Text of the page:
Alexandra Popoff: «Neither Stalin nor Hitler would succeed with their extermination campaigns without local collaboration»

Alexandra Popoff is a former Moscow journalist and Alfred Friendly Press Partners fellow. She is an expert on Russian literature and cultural history and the award-winning author of several literary biographies, including Vasily Grossman and the Soviet Century.

1. Comparison of fascism and communism … Can we say that Grossman was a harbinger in the Soviet Union?

Grossman had unprecedented access to information. During the Second World War he reported on major battles from Moscow and Stalingrad to Berlin, had interviewed Soviet soldiers and generals, and was present during interrogations of captured Nazis. As an early chronicler of the Holocaust he was among the first to comprehend the meaning of the Final Solution. After the war he witnessed Stalin’s “secret pogrom,” the destruction of the Jewish Anti-Fascist Committee accompanied by a massive anti-Semitic campaign. Grossman had experienced anti-Semitism twice––during the war with the Nazis and again in the Soviet Union. These experiences provided major points of comparison between the two regimes, which he makes in Life and Fate and Everything Flows.

Furthermore, Grossman had interviewed the survivors of Nazi extermination camps and of the Soviet gulag. He understood that the Nazi and the Soviet totalitarian systems were alike in their complete inhumanity, their rejection that individual human lives have value. Was Grossman the first in the Soviet Union to understand this? No! Evgeniya Ginzburg, the writer and gulag survivor, compared the Nazi and Stalinist destruction of human life in her memoir Within the Whirlwind, and Varlam Shalamov has made this comparison in The Kolyma Tales

But while similarities between Communist and Nazi dictatorships were apparent to these and other gulag survivors, Grossman alone in the USSR was able to draw comprehensive conclusions. Writing almost simultaneously with Hannah Arendt, he analyzed the structure of totalitarian states, their total control over the individual; the use of propaganda, indoctrination, and terror in both Nazi Germany and Stalin’s Russia. 

2. The comparison between fascism and communism is still very controversial today, despite all the information available. Why?

Information about Nazi crimes became available after the war, when the world first learned about Auschwitz. But not until decades later would the world learn about the deadliest Soviet arctic camp, Kolyma, and other crimes of the Soviet regime. Nazi crimes were exposed once and for all, while information about Stalin’s atrocities became available later, beginning in mid-1980s, and even still is not fully released.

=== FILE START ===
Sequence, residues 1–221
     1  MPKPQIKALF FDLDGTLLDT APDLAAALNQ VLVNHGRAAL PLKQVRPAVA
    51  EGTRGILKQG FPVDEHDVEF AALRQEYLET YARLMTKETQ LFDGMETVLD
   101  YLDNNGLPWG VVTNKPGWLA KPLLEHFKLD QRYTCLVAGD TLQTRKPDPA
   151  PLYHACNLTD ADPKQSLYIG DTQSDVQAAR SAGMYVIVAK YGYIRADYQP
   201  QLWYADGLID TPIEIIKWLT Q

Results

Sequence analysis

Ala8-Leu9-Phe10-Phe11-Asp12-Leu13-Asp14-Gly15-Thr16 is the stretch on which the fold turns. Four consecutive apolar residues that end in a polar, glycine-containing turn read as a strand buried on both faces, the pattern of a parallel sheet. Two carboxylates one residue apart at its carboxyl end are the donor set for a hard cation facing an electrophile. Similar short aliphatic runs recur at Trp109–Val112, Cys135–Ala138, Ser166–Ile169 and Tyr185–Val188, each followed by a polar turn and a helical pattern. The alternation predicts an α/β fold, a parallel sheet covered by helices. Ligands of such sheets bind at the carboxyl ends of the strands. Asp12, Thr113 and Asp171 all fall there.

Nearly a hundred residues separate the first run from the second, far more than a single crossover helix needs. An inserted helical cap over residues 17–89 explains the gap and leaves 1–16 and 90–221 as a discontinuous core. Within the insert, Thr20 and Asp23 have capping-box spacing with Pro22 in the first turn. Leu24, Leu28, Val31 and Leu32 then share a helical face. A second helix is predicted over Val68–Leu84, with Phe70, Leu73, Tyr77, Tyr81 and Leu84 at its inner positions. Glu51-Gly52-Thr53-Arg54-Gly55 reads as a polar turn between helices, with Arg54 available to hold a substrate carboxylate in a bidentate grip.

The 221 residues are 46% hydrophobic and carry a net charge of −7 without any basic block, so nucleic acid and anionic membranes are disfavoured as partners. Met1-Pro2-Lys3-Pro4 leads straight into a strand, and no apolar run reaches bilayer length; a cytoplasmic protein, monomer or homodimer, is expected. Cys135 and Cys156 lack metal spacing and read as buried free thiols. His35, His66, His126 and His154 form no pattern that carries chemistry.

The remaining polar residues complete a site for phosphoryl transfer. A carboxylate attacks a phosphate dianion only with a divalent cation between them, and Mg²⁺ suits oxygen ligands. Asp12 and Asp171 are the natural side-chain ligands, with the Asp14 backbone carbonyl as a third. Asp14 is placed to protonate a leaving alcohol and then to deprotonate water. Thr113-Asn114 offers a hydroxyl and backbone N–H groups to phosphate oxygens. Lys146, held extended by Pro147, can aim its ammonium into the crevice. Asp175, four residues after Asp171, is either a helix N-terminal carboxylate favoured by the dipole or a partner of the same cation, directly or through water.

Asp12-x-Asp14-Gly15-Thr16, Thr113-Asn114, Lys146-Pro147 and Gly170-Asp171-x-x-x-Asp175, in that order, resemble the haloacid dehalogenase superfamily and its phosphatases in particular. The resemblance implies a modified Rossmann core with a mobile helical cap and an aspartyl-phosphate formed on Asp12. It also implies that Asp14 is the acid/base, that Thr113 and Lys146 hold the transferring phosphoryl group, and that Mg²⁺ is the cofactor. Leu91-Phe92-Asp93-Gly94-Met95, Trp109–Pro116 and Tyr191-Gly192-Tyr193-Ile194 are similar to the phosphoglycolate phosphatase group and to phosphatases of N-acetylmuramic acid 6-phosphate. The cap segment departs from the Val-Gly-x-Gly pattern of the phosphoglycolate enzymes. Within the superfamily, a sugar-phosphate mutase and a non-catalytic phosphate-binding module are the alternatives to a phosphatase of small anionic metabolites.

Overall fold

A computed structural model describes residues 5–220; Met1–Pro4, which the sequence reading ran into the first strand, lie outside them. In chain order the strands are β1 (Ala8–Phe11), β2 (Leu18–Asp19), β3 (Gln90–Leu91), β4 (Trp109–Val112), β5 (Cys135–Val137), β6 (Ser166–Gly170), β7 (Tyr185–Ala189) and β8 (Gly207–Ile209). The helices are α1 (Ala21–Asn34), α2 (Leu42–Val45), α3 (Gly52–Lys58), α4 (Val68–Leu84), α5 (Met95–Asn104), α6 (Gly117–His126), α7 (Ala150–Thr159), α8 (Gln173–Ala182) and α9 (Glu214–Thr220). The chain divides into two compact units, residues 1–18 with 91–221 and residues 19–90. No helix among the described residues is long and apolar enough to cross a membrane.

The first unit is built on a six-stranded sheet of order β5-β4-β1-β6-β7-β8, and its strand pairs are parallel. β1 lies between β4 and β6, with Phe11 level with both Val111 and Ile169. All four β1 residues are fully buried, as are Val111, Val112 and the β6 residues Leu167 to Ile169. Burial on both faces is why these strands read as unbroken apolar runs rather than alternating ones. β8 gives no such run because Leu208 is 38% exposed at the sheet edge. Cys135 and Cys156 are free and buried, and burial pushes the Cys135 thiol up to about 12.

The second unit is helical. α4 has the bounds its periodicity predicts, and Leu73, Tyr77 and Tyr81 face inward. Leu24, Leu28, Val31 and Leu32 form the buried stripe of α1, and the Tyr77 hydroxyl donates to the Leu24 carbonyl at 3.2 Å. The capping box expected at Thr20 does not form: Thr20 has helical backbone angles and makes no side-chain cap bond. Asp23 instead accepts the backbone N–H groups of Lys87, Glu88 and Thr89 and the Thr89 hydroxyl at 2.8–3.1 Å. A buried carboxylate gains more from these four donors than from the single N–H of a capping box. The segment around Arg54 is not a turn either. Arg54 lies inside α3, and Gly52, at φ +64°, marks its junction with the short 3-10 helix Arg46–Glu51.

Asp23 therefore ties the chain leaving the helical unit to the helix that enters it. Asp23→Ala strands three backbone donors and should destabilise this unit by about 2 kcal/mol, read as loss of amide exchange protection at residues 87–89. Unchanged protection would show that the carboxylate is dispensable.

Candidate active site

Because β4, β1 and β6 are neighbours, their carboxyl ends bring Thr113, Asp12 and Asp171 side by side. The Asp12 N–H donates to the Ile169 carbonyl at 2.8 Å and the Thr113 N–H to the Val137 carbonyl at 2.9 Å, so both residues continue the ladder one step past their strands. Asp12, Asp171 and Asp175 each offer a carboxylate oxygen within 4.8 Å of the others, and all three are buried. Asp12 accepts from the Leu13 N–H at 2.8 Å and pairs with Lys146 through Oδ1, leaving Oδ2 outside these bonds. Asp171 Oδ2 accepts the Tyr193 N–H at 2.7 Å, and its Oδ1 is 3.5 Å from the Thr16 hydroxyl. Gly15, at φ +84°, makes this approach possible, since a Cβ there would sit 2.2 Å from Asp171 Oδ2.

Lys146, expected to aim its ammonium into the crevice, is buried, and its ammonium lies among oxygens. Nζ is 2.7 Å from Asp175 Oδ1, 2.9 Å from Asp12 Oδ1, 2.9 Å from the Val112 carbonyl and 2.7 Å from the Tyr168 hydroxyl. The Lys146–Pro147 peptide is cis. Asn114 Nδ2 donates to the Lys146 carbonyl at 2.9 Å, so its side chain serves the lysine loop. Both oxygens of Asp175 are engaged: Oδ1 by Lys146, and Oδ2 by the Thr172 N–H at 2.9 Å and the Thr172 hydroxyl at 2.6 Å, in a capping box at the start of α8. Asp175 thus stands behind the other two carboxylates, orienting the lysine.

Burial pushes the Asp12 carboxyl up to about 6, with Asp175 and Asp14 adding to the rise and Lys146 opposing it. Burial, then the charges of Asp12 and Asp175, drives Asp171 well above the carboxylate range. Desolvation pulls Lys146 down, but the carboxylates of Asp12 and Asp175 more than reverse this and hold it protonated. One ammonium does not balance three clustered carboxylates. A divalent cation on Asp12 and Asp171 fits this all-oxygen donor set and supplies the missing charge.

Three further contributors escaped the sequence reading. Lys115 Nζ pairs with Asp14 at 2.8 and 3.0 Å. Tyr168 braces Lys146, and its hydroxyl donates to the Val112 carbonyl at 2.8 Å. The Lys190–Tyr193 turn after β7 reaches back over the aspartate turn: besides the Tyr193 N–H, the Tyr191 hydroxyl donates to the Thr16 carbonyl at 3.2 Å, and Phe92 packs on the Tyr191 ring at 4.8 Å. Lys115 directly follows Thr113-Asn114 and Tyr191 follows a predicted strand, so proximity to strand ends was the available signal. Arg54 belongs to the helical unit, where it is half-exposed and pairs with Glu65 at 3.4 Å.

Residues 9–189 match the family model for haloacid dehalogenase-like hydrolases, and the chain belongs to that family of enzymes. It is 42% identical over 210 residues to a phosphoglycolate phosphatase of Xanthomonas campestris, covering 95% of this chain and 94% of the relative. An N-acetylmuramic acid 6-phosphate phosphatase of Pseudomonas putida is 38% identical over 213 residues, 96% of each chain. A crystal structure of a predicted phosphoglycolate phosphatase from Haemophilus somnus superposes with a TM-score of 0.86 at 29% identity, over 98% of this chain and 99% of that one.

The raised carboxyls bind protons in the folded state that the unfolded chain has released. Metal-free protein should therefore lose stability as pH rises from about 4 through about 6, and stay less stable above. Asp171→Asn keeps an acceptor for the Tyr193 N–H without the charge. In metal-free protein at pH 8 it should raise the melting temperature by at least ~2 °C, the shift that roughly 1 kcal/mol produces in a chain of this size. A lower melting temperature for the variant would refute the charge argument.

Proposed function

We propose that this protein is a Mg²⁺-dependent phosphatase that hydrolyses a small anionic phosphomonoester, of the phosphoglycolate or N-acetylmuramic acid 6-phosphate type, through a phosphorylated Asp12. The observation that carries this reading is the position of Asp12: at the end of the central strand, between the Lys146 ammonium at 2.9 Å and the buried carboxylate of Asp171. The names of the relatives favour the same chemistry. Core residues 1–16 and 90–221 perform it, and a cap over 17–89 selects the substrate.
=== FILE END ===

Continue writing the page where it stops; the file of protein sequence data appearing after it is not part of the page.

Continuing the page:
The defeat of fascism in Nazi Germany only strengthened Stalinism. Information about Stalin’s genocides and terror campaigns was kept secret; there was never a Nuremberg trial for Stalinists. In post-Soviet Russia, in the 1990s, when archives became open (now they are closed again) there was a call to ban the Communist Party, responsible for mass destruction of human life. But the Communist Party was not banned in Russia, and it was not banned in China. The leaders of both countries continue to suppress information about communists’ responsibility for the murder of millions. They have never officially rejected the ideology, which justified terror in the name of unattainable ideals. 

Comparison between fascism and communism remains illegal in Putin’s Russia where the authorities continue to struggle against the truth. Memorial International, Russia’s human rights organization, which chronicles and discloses Soviet crimes, has been continuously harassed, threatened with closure, and branded as a “foreign agent.” Historian Yuri Dmitriev, head of Karelia’s branch of the Memorial Society, who located major execution sites of Stalin’s Great Terror, including the massive killing field of Sandarmokh, has been imprisoned since 2016 This is happening today. Monuments to Stalin are popping up across Russia. Maintaining the myth of Stalin as a great leader is convenient to Putin, who has built a new authoritarian regime.  

Many people still confuse communism with the ideals of justice and equality. Such ideals cannot be attained by means of mass murder. Stalinism––and Communism––is when human life is worth nothing. The same applies to Fascism. Yet, some idealists in the West still believe that there is nothing wrong with Communism, that Stalin and Mao simply did not get it right. The world must understand a simple truth––Stalin and Mao did get it right! Communist ideology rejects the notion of human rights and freedoms; it leads to totalitarianism and the gulag. The gulag did not begin under Stalin, it began with Lenin.

3. Grossman has a special clairvoyance. Does he belong to a special generation?